The media, political class and general public are filled with outrage at the bonus payments for AIG employees. This anger and disgust is largely misplaced, and as such, are detracting from the real issues. The fact that AIG is making payments to employees in their financial servies area is far more complex than is made out in the press. For one, there’s issue of the sanctity of a contract, although it’s fair to say that these contracts should have been renegotiated, if possible. The other nuance is the fact that Wall Street salaries rarely reflect the market value of work even in bad times – some part of a bonus payment is better thought of as a deferred salary rather than a reward for exceptional work or a sharing of profits. For example, in my own experience certain bonus-oriented positions saw no salary increases for over a decade, with no adjustments for cost of living, seniority — the bonus was the tool used to make those changes.
But — we should be outraged by the AIG situation. Here’s three issues that should be the object of our anger:
1) Why do we continue to have a tax code that encourages bonus-skewed compensation, with all the “swing for the fences” mentality that engenders?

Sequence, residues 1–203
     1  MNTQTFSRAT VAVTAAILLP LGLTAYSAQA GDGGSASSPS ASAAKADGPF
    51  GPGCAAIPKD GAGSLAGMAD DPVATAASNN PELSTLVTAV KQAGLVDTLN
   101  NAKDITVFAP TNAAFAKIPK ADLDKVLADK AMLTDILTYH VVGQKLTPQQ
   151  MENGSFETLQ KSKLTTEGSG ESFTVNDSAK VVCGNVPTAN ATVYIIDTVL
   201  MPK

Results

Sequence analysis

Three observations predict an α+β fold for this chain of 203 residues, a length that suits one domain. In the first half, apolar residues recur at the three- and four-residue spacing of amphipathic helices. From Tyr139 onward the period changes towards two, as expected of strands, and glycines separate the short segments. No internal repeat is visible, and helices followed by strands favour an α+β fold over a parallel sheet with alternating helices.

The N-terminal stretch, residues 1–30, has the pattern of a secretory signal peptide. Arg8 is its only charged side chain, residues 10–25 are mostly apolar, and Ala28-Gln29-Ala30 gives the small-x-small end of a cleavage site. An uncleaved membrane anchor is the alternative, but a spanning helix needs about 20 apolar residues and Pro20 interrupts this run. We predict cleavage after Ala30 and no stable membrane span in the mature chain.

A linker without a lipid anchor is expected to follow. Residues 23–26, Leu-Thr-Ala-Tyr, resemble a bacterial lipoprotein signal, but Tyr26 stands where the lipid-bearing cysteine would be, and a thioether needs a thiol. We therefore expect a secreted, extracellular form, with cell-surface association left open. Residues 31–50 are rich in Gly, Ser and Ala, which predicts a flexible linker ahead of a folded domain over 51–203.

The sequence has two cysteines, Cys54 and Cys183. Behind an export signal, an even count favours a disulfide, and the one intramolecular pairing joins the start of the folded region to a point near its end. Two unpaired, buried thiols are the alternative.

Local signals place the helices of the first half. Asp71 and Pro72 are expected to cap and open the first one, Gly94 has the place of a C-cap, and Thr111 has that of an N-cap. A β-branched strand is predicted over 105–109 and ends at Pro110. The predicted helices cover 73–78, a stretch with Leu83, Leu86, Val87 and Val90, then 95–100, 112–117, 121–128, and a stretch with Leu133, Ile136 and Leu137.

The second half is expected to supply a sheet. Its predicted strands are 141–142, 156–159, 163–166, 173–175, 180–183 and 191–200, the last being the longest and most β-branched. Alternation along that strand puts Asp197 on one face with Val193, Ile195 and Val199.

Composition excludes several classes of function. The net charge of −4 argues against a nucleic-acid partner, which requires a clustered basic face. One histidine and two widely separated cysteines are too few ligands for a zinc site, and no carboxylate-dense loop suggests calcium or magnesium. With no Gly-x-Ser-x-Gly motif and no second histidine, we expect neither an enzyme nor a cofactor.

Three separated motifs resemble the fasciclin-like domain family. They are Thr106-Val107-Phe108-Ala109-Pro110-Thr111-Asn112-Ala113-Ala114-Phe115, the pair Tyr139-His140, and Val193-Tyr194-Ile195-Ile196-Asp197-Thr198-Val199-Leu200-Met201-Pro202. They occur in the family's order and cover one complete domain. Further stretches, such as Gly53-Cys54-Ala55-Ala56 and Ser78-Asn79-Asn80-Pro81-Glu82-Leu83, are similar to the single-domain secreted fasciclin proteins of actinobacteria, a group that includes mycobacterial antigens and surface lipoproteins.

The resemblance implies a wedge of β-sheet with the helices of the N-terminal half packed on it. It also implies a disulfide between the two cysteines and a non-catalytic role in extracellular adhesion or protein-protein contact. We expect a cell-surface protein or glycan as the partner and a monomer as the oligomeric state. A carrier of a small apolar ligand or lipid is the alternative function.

2) Credit default swaps are clearly not only the center of systemic risk, but have become a new tool for market manipulation among the fast-money crowd. The conditions that may have supported the deregulation of these vehicles in 2000 not longer apply. Why do we still not have effective governance of this market? Why is effective legislation being held up? Don’t waste your anger on a few derivative traders at AIG — focus instead on the International Swap Dealers Association and their Congressional supporters who are fighting effective rules for the derivatives market.
3) Why do we still have no clear plan for getting the taxpayer out of AIG and other financial institutions? I believed that the first round of TARP was necessary to halt an immediate meltdown, but we’ve now bought 6 months of time from enactment of that bailout and have passed the 1 year anniversary of the Bear Stearns takeover, but seem no closer to a plan.
I can’t help but feel that our policymakers’ outrage at the AIG bonuses serves as a distraction to their failure to address the above issues as well as keeping focus away from AIG’s very generous political contributions over the year. In fact, the grandstanding on this issue seems very familiar to me:
“I’m shocked! Shocked! Shocked that some of the AIG money went to foreign banks! Shocked that there were employment contracts with bonuses! Shocked that AIG money went to Goldman Sachs and other swap counterparties (so they could pay their bonuses)! Shocked, I tell you!”
disclosures: neither the author nor his clients directly hold any positions in AIG